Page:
Prime Minister Narendra Modi will travel to Bangladesh capital Dhaka on 26 March for his first visit abroad since the outbreak of the Covid-19 pandemic. The occasion is the golden jubilee of Bangladesh’s independence as a nation and the birth anniversary of the founder of the nation, Sheikh Mujibur Rahman. The visit is also meant to showcase vaccine diplomacy: India has pumped 2mn vaccines into Bangladesh as against promises made by China. The competition between the two countries in infrastructure creation will be emphasized.
The crisis within a four-party coalition government led by Prime Minister Igor Matovic (Ordinary People and Independent Personalities, OLaNO) is set to continue for a fourth consecutive week. A junior coalition member the Freedom and Solidary (SaS) party threatens to leave the coalition unless the prime minister steps down by Wednesday, 24 March. While Matovic has agreed to leave the post under certain conditions, the terms are unacceptable to SaS. The situation is volatile, but the most likely outcome remains a significantly reshuffled cabinet led by the ruling OLaNO.
Finance Minister Martin Guzman is in Washington DC where he is expected to hold a meeting with the International Monetary Fund (IMF)’s Kristalina Georgieva. Expectations for any significant progress or breakthrough in ongoing talks over the repayment of USD 44bn owed to the Fund are low. Guzman was in New York last week, though his meetings failed to elicit much enthusiasm from private investors given the lack of any medium-term economic plan and recent criticism of the IMF by President Alberto Fernandez; the group of Argentina Exchange Bondholders put out a terse statement questioning the value of Guzman’s trip.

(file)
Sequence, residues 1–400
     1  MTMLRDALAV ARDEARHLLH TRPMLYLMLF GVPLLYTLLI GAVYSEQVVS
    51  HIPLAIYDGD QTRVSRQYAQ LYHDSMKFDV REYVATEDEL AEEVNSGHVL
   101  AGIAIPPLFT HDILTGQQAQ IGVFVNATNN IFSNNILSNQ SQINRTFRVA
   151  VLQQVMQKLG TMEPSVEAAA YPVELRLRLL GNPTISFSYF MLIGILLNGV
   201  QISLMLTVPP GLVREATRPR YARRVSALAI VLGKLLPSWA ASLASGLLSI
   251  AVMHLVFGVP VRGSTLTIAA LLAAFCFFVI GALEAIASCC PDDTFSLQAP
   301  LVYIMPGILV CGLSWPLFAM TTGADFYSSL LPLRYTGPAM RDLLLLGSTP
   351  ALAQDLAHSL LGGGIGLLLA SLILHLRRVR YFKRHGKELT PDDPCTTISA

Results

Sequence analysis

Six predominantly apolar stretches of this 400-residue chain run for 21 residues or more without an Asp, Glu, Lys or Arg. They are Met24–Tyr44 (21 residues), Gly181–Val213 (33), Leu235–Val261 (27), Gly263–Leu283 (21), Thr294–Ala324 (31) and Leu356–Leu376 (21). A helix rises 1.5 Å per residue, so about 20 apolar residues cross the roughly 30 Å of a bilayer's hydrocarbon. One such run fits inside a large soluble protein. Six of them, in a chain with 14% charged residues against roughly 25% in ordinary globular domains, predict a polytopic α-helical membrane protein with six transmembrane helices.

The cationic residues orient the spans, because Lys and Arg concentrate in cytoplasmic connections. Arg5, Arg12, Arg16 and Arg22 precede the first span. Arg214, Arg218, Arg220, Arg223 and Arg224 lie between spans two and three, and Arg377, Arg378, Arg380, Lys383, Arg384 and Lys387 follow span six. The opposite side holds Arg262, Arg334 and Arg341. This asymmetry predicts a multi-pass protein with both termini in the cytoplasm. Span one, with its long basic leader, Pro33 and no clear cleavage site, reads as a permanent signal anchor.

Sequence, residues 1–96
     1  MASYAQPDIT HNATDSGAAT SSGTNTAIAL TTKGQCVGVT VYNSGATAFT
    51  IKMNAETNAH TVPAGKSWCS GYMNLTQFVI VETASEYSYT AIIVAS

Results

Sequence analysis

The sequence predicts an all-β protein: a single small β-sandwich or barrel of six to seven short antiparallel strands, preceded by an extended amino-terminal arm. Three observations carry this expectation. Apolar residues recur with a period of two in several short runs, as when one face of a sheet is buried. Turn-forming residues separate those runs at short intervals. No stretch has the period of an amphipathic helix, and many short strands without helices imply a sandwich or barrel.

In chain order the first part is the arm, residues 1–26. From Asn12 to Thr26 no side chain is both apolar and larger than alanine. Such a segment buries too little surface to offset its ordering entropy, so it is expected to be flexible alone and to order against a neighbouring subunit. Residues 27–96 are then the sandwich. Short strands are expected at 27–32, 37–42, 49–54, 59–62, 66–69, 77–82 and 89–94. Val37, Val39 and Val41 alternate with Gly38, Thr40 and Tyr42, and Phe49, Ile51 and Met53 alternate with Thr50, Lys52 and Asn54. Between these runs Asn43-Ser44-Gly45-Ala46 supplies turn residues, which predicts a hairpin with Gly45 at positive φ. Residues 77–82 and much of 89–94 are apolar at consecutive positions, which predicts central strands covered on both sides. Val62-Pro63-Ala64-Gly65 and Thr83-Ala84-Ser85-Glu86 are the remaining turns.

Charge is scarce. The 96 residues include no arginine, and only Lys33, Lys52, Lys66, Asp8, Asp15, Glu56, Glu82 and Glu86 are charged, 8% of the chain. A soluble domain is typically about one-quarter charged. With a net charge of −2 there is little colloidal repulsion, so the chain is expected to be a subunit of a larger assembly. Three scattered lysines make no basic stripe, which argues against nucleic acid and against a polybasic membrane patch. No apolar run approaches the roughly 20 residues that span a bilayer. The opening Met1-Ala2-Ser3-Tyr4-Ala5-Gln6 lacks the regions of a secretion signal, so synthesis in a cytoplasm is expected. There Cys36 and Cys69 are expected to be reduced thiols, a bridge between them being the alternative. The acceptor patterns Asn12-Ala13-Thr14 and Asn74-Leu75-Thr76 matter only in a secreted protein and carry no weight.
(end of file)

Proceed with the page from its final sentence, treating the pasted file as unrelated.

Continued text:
Congress will start to focus on economic emergency measures such as the reduction of workdays and salaries and the refinancing of debts. This follows the issuing by the government of a new executive order with new rules for the disbursement of a new emergency assistance to 45.6mn people (22.6mn less than in 2020) at one third of last year’s value on average. Discussions will take place in the midst of a significant deterioration in relations between President Jair Bolsonaro and congressional leaders over his rejection of a prominent pro-science cardiologist favored by House Speaker Arthur Lira as new health minister and his filing at the Supreme Court (STF) of a case against governors who instituted curfews to control infections.
MIDDLE EAST AND AFRICA
Republic of Congo
The electoral commission is expected to release results of the 21 March presidential election this week. President Denis Sassou Nguesso, who has ruled Cameroon since 1979 (with a short break from 1992-1997), has most likely secured an absolute majority in the first round, clearing the way for another five-year term. Main opposition candidate Guy-Brice Parfait Kolelas, who officially scored 15% in the 2016 election (against Nguesso’s 60%), had been flown to France to treat a COVID-19 infection and died on election day.
On 19 March, Samia Suluhu Hassan was sworn in as president. The erstwhile vice-president was unexpectedly catapulted to the country’s highest office after John Magufuli passed away following weeks of uncertainty. The transition to Suluhu follows the constitutional order, which entitles her to serve out the remainder of Magufuli’s five-year term. However, the question is how much power Tanzania’s first female and Zanzibari president will wield within the Chama Cha Mapinduzi (CCM) ruling party, where Magufuli’s hardline populists will compete with centrist factions. Crucial personnel signals will be the appointments of the next vice-president and prime minister; a key policy signal will be whether the government amends Magufuli’s denialist pandemic policies.